MF Doom, the British-born artist who performed in a supervillain mask and started his rapping career more than 30 years ago, died on Oct. 31 of unknown causes, his wife announced Thursday (Dec. 31) — exactly two months after his death. He was 49 years old.
“Begin all things by giving thanks to THE ALL!” Jasmine wrote in the post about her late husband (born Daniel Dumile) on the MF Doom Instagram account. “To Dumile, The greatest husband, father, teacher, student, business partner, lover and friend I could ever ask for. Thank you for all the things you have shown, taught and given to me, our children and our family. Thank you for teaching me how to forgive beings and give another chance, not to be so quick to judge and write off. Thank you for showing how not to be afraid to love and be the best person I could ever be. My world will never be the same without you.”
Jasmine ended her note by also sending love to her late son, Malachi Ezekiel Dumile, who died in 2017 at age 14. “Words will never express what you and Malachi mean to me, I love both and adore you always,” the message concluded. “May THE ALL continue to bless you, our family and the planet. All my Love, Jasmine.”
Doom’s former label Rhymesayers shared a link to Jasmine’s post, along with this message: “With heavy hearts, we share these words from MF DOOM’s family.”
Dumile was born in London and moved with his family to New York as a child. Under the stage name Zev Love X, he co-founded the trio K.M.D. with his brother Dingilizwe, who went by DJ Subroc. Dumile first made Billboard’s charts as a member of K.M.D., which notched a pair of top 20 hits on Hot Rap Songs in 1991: “Peachfuzz” and “Who Me?” His brother’s April 1993 death in a car crash at age 19 caused Dumile to take a break from the industry before returning to rap in 1997 and adopting the MF Doom persona, modeled after Fantastic Four villain Doctor Doom. From then on, he always performed wearing his signature mask.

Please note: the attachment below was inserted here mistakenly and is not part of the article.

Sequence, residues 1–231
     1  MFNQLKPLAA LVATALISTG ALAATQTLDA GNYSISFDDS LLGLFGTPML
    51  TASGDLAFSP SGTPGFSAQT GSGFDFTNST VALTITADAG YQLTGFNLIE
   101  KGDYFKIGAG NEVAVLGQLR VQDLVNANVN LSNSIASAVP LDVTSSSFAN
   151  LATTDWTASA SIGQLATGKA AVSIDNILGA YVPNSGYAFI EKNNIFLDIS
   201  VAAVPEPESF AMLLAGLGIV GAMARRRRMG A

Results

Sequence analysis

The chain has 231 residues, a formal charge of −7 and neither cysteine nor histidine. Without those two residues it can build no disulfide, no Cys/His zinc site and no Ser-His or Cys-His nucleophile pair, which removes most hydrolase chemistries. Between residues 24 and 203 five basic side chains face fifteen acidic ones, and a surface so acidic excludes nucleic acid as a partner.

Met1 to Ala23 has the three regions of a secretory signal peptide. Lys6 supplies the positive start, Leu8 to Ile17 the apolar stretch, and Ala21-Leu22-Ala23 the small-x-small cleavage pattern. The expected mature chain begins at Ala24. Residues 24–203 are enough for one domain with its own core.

Doom may be best known for the 2004 album Madvillainy, which was recorded under the duo name Madvillain alongside producer Madlib and marked Doom’s first appearance on the Billboard 200 albums chart. The release also hit No. 9 on the Heatseekers Albums chart upon its 2004 debut. Madvillainy was chosen as one of Rolling Stone’s 500 Greatest Albums of All Time, and the album’s 10th-anniversary 2014 re-release returned to the Billboard 200 and peaked at No. 3 on Vinyl Albums.
Another of his high-profile collaborations was Danger Doom alongside DJ Danger Mouse (ahead of his Gnarls Barkley days) on The Mouse and the Mask, which was made in conjunction with Cartoon Network’s Adult Swim block. Doom was also featured on Gorillaz sophomore album Demon Days on the song “November Has Come.”
The enigmatic artist released his last full-length solo album, Born Like This, in 2009. Most recently, Doom hit No. 1 on Heatseekers Albums in April 2018 with Czarface Meets Metal Face, alongside Czarface. The acts collaborated for a second top 10 on the chart, the EP Man’s Worst Enemy, the following month.
There’s no word yet on Doom’s cause of death.